Queen Victoria Probably Never Ate Her 'Favorite Soup'

The Victorian era is known as a period of drastic change, both politically and socially, as per History. The vast expansion of the British empire, growth of cities and industry, and evolution of scientific discoveries were overseen by the country's second-longest-reigning monarch, Queen Victoria.

The famed monarch was a redeeming figure for the country and influenced everything from fashion to literature. She was also known for her unique eating habits. A typical royal menu of the time may have included, "entail soup, fish, cold boiled chicken or roast beef, dessert and fruits," as per History Extra. Not the most appetizing menu for today's consumers. 

Another one of the notorious meals that Britons recall as a favorite of the Queen's was brown Windsor soup. Modern renditions of the soup, according to Food, are gravy-like and their ingredient lists usually include chunks of lamb and beef alongside vegetables such as onions, carrots, and parsnips. Seasonings like chili powder, salt, and pepper accompany splashes of Madeira wine and beef stock. The unique soup is known today by Britons across the nation as a rather disgusting Victoria-era soup, as per Atlas Obscura. Although, there's one problem with this story: Brown Windsor soup didn't exist until the 1920s.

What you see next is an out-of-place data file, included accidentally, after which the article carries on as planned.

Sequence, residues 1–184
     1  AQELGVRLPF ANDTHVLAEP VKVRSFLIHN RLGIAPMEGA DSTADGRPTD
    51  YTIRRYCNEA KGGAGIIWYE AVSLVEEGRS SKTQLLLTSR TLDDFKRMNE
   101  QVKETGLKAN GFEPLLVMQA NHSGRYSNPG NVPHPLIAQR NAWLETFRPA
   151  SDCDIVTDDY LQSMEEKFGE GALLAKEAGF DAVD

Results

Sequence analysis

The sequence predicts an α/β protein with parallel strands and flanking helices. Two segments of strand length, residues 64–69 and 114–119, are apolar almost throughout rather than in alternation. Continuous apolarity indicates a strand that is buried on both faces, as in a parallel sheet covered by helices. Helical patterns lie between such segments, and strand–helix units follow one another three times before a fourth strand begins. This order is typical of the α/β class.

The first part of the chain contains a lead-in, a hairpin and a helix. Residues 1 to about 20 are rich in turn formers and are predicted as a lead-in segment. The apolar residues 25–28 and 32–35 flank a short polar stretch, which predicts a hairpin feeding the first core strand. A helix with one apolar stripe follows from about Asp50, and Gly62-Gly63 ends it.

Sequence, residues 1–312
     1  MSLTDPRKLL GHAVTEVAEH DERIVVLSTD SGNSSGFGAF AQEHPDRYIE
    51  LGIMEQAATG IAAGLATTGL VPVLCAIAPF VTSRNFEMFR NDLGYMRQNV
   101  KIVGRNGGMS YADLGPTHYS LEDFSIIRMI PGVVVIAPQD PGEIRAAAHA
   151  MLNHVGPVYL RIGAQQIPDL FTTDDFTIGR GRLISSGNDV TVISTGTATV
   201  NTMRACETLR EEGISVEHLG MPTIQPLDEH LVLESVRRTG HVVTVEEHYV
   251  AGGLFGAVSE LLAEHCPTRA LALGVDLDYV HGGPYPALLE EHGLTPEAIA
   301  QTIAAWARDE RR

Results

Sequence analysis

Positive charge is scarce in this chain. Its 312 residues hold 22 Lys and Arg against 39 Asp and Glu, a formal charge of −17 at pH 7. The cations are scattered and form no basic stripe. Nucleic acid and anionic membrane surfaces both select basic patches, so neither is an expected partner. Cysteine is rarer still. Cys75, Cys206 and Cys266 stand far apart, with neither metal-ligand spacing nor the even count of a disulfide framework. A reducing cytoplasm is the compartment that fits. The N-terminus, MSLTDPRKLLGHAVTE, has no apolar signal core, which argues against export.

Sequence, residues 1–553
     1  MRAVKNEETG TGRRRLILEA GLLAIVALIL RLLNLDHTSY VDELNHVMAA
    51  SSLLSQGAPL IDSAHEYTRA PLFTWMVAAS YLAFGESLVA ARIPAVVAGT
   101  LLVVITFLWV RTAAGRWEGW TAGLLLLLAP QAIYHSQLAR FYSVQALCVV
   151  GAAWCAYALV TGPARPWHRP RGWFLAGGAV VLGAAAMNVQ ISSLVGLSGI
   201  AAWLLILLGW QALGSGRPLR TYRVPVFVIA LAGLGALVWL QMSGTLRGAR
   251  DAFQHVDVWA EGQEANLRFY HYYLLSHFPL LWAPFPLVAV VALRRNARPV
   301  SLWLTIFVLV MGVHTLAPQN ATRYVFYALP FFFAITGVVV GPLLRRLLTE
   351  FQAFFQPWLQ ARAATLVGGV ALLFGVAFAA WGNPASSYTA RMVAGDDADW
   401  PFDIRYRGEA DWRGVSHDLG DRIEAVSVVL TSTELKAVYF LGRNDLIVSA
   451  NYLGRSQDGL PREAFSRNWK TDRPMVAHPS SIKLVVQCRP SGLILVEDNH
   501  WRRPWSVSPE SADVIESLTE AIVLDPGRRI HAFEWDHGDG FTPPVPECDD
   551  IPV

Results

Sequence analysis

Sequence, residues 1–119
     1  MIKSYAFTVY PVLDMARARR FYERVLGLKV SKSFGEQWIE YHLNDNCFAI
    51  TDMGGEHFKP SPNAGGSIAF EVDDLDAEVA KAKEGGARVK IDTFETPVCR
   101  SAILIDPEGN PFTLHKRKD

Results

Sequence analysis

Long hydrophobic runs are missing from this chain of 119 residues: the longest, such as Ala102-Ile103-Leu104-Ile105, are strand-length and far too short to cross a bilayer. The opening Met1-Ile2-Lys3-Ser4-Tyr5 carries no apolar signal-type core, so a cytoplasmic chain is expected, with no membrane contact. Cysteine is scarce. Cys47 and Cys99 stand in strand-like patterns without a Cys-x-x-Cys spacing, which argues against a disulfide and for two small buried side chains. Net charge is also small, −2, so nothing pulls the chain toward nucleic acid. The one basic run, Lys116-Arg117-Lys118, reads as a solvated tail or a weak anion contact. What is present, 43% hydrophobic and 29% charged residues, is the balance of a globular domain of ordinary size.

Brown Windsor soup didn't exist in the 19th century

Various food and cookbooks cite brown Windsor soup as a favorite of, not only the Victorian era, but Queen Victoria herself. According to Foods of England, such sources make statements such as "the very soup reputed to have built the British Empire" or that it "regularly appeared on state banquet menus." However, the actual historical menus and literature of the time don't mention the soup anywhere. Foods of England notes that the first mentions of the rather disliked soup started in the 1920s, and even then it was not commonly found.

According to Atlas Obscura, this discovery can come as a shock, as many Britons grew up believing this dish was a staple of the era. A possible explanation for this mixup could involve another dish of the time, potage á la Windsor. This stew was served to Queen Victoria and is included in a 19th-century cookbook. Although, some would argue this confusion is unlikely since potage á la Windsor was a white soup made with differing ingredients.

Another possible explanation could be the popularity of brown Windsor soap at the time. This soap was made in Windsor and is said to have been used by Queen Victoria.

Possibly, a combination of the white soup and brown soap spun up this modern-day culinary drama. Whether this is the culprit or not, it is unlikely many Britons will be dropping their beliefs surrounding brown Windsor soup in the near future.